Intrusion Upon Medical Records

When the new tort of the intrusion upon seclusion first emerged in 2012 in Jones v. Tsige, many of us wondered how exactly it would be invoked in litigation. Many of us assumed reasonably that this would be an additional head of damages claimed, given the modest amount recognized by the court as reasonable for privacy breaches.

Since that time we have seen this tort employed in several cases with varying success. One of the more intriguing applications is where these small heads of damages can be advanced in the aggregate, namely in through class proceedings.

The ideal scenario for this type of situation to emerge would be a large institution, like a government or facility with significant records, to disclose en masse the personal information of members of the public. The type of information would also have to be the type of information the court considered reasonable to create the type of distress or anguish necessary, in the areas of finances, health, sexual practices, employment, or personal correspondents.

In less than two years we have seen these class actions emerge, and more recently, observed their presence in the area of medical records as well. The sheer volume of health information collected, used, and disclosed by health practitioners makes the health sector particularly vulnerable to this type of liability. Health records are particularly vulnerable to privacy breaches, and can be particularly sensitive, because they may also contain other private information such as sexual practices or personal thoughts through counselling notes.

The first medical records class action is Hopkins v. Kay, which was successful on a summary judgment motion earlier this year, where Justice Edwards stated,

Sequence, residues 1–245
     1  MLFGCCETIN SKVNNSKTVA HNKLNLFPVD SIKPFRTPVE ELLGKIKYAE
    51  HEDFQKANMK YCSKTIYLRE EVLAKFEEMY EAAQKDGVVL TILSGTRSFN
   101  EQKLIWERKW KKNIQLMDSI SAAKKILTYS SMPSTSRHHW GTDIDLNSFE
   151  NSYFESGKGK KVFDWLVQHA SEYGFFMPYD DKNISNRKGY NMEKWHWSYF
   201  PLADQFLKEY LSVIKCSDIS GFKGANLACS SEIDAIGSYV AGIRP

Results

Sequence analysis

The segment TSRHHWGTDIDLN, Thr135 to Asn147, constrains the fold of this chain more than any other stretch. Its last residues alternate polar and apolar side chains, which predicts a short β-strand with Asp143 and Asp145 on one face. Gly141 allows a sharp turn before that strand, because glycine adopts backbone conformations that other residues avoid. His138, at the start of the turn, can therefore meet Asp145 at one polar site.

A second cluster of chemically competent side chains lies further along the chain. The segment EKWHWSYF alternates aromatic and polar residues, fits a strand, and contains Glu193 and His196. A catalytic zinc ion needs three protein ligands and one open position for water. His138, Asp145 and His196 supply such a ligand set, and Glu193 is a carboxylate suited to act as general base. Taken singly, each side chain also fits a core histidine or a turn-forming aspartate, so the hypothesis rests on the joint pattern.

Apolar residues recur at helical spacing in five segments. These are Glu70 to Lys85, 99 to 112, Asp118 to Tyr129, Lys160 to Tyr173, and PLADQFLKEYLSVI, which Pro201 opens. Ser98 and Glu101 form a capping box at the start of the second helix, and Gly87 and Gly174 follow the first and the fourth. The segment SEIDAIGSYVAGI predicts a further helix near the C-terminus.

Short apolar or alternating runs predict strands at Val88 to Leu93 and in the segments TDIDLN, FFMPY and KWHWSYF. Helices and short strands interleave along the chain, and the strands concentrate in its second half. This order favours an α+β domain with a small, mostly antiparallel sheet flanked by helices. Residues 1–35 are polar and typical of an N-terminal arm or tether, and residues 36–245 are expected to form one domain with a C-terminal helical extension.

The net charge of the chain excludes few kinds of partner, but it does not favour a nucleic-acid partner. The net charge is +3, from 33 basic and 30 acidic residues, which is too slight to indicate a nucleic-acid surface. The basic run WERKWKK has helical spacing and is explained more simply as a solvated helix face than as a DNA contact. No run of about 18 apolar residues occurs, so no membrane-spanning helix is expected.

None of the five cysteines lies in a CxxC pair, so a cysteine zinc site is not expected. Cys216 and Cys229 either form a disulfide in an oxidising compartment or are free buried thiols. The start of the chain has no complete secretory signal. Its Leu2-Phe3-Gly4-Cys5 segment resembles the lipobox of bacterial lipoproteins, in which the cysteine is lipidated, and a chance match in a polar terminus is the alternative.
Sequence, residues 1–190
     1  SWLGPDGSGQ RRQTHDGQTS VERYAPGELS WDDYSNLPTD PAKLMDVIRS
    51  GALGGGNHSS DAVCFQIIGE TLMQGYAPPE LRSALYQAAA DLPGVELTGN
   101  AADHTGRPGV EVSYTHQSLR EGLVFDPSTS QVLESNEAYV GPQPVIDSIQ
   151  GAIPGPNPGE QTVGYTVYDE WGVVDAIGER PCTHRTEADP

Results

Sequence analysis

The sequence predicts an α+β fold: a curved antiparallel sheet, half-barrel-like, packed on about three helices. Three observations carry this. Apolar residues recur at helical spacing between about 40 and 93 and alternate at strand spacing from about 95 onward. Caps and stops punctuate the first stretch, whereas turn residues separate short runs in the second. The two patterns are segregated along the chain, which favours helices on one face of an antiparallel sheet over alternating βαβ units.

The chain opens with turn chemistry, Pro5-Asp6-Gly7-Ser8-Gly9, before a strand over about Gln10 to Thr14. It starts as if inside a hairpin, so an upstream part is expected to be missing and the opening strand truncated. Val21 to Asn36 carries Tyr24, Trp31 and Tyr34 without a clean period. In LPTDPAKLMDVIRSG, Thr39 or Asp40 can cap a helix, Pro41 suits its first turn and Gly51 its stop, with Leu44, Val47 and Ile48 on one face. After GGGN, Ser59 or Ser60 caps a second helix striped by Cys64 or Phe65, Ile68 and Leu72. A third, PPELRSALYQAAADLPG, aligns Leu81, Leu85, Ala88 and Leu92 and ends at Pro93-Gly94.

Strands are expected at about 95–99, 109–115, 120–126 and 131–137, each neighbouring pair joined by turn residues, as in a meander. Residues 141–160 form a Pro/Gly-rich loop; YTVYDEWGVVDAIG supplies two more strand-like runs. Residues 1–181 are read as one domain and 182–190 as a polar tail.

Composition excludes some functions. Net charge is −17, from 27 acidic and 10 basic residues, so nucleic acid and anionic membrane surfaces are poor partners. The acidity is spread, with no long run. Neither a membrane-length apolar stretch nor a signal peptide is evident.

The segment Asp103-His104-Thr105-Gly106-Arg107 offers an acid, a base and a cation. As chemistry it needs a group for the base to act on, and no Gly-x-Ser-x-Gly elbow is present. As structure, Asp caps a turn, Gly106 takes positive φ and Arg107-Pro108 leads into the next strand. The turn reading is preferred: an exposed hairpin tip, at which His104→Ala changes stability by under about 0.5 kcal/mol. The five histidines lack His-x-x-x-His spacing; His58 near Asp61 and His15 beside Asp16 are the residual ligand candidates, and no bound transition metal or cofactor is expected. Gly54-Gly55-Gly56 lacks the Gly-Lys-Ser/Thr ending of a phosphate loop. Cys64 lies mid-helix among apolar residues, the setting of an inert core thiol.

[1] With the click of a mouse, personal health records can be accessed by those who have a legitimate interest in properly treating a patient – or they can be accessed for an improper purpose.

The second case involves a privacy breach at Rouge Valley Centenary for $412 million.

These cases have the potential to be successful on the basis of intrusion upon seclusion without reliance on other heads of damages at all, which completely transforms the risk assessment for employers and administrators. The health sector has identified this area as a significant operational issue which will require additional training, investment and review to minimize or eliminate vicarious liability as much as possible.

I explored these issues with some individuals earlier this week, and I am making the brief paper I used available here: New Tort of Intrusion Upon Seclusion and Electronic Health Records.


  1. That is a very useful resource, Omar. Thanks.

    One wonders if the Court of Appeal had any notion, in creating its apparently limited and modest remedy for the most outrageous cases, that it was creating a threat to the budgets of public institutions calculated (at least for publicity purposes) in the hundreds of millions of dollars.

    The US has had at least a common-law action for intrusion upon seclusion for a long time, yet none of the class actions brought as a consequence of a data breach has resulted in a judgment, and the overwhelming majority have been dismissed early on because no damages have been demonstrated. Why the difference? Is it that the intrusion on seclusion cases have an actual intruder, not just someone who has not taken care of the records? If so, would not the hospital cases be in the same position as the custodian of records in the data breach cases, i.e. not the cause of detectable and provable harm?

    Have any Canadian data breach cases got beyond an initial motion to dismiss for lack of damage?